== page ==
Fig. 5. Shows the rate abilities of carbon-coated Li4Ti5O12 powders calcined at 850 ℃ with different discharge rates, and finally in 1C succession.

The electrochemical impedance spectrum (EIS) of the electrode after five cycles has been provided in Fig. 6. The impedance of these cells after different cycles was also measured with an electrochemical workstation (CHI604a) in the frequency range from 0.01 Hz to 100 KHz at a scanning rate of 0.1 mV/s. The EIS spectrum shows the compressed semicircle from the high to medium frequency range of each spectrum, which describes the charge transfer resistance (Rct) and constant-phase element (CPE, representing the double-layer capacitance, taking into account the roughness of the particle surface) for these electrodes, the straight line in a low frequency range is the Li+ ion Warburg diffusion resistance in the solid electrode material [15].

Fig. 6. Nyqusit plots of Li4Ti5O12 powders calcined at different temperatures.

Carbon-coated Li4Ti5O12 sample has been synthesized by sol-gel method. Our experimental results showed that the carbon-coated Li4Ti5O12 sample has excellent structure stability. Although the valence of titanium is +4, it can be easily synthesized even in the presence of carbon and reducing atmosphere. The final product of sample sintered at 850 ℃ demonstrates a favorable electronic conductivity with 4.7% residual carbon. The carbon-coated Li4Ti5O12 presents a discharge specific capacity of 175 mAh/g at 1C in the first cycle and a reversible capacity of 163.5 mAh/g can be obtained after 100 cycles. The sample sintered at 850 ℃ shows both higher capacity and better cycling stabilities than others.Itsdue to the samples sintered at 850 ℃ have better dispersion and narrower particles size distribution of 200-300 nm, and the carbon layer makes great contribution to the restriction of grain growth and increasing electronic conductivity, which is significant for improving the electrochemical performance of the electrode [16, 17].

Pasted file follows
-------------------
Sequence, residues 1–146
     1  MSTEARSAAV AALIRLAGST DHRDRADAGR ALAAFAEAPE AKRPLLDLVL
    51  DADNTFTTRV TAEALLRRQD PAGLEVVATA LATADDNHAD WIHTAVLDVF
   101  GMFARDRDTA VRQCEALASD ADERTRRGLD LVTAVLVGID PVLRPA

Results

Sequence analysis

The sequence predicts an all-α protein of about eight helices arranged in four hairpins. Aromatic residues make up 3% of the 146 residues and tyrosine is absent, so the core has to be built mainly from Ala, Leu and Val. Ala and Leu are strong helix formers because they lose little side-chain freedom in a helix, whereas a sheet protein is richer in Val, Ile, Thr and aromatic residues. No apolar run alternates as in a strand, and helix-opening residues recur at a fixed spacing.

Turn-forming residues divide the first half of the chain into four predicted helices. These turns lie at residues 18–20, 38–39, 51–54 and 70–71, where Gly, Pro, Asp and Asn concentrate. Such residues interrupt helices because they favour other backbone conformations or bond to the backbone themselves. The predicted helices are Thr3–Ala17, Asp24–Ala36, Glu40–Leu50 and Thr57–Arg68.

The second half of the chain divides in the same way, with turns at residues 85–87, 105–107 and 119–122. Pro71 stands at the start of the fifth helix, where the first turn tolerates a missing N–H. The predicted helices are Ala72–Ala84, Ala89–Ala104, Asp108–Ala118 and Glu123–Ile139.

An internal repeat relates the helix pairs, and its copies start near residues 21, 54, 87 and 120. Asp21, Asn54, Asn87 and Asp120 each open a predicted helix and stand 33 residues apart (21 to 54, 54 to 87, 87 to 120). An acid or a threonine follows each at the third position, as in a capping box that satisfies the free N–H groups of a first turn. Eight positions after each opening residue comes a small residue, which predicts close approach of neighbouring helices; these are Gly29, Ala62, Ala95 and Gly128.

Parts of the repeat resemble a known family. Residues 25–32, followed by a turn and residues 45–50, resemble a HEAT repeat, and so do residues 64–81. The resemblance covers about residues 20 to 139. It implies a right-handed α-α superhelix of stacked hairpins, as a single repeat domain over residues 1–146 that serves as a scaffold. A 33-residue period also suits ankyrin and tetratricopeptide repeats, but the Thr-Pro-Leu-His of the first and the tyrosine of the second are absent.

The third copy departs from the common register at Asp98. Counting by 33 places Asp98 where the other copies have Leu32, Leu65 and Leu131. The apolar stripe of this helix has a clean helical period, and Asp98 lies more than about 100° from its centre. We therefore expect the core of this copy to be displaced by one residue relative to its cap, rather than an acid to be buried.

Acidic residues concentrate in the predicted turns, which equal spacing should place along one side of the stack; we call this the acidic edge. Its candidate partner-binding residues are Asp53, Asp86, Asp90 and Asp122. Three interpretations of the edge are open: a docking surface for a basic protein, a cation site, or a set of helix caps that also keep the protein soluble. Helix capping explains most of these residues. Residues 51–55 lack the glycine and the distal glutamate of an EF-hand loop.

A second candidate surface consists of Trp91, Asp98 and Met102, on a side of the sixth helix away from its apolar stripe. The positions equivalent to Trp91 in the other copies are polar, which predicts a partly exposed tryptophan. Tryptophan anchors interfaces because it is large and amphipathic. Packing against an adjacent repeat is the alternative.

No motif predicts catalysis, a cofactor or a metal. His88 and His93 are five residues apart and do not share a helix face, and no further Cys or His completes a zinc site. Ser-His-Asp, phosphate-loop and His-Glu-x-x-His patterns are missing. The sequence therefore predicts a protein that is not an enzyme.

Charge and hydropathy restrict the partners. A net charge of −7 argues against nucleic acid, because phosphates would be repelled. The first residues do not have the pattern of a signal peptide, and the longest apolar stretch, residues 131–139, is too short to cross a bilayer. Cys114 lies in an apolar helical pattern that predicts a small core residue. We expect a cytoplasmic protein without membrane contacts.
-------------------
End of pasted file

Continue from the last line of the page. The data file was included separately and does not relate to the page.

This work was supported by the Natural Science Foundation of Anhui Province Education Department (No. 2014kjA167).

G.Q. Liu, L. Wen, G.Y. Liu, J. Alloys Compd. 509(2011) 6427-6432. DOI:10.1016/j.jallcom.2011.03.078
T. Yuan, R. Cai, R. Ran, J. Alloys Compd. 505(2010) 367-373. DOI:10.1016/j.jallcom.2010.04.253
T.F. Yi, B. Chen, H.Y. Shen, J. Alloys Compd. 558(2013) 11-17. DOI:10.1016/j.jallcom.2013.01.018
C.H. Chen, J.T. Vaughey, A.N. Jansen, J. Electrochem. Soc. 148(2001) A102-A104. DOI:10.1149/1.1344523
A.S. Prakash, P. Manikandan, K. Ramesha, J. Chem. Mater. 22(2010) 2857-2863. DOI:10.1021/cm100071z
C.C. Li, Q.H. Li, L.B. Chen, et al., Appl. Mater. Interfaces 4(2012) 1233-1238. DOI:10.1021/am2018145
S.H. Yu, A. Pucci, T. Herntrich, J. Mater. Chem. 26(2010) 806-810.
J. Lim, E. Choi, V. Mathew, J. Electrochem. Soc. 158(2011) 275-280. DOI:10.1149/1.3527983
Y.J. Bai, C. Gong, Y.X. Qi, J. Mater. Chem. 22(2012) 19054-19060. DOI:10.1039/c2jm34523d
T.F. Yi, H.P. Liu, Y.R. Zhu, J. Power Sources 215(2012) 258-265. DOI:10.1016/j.jpowsour.2012.04.080
Y.H. Yin, S.Y. Li, Z.J. Fan, J. Mater. Chem. Phys. 130(2011) 186-190. DOI:10.1016/j.matchemphys.2011.06.062
B.B. Tia, H.F. Xiang, L. Zhang, J. Solid State Electrochem. 16(2012) 205-211. DOI:10.1007/s10008-011-1305-z
J.P. Zhu, W. Zu, J.J. Yang, et al., Nanotechnology 12(2012) 2539-2542.
J. Liu, X.F. Li, M. Cai, Electrochim. Acta 93(2013) 195-201. DOI:10.1016/j.electacta.2012.12.141
M.V. Reddy, S. Madhavi, Subba Rao G.V., B.V.R. Chowdari, J. Power Source 162(2006) 1312-1321. DOI:10.1016/j.jpowsour.2006.08.020
J. Peng, Y.T. Zuo, G. Li, et al., Chin. Chem. Lett. 27(2016) 1559-1562. DOI:10.1016/j.cclet.2016.02.028
L. Deng, W.H. Yang, S.X. Zhou, Chin. Chem. Lett. 26(2015) 1529-1534. DOI:10.1016/j.cclet.2015.06.009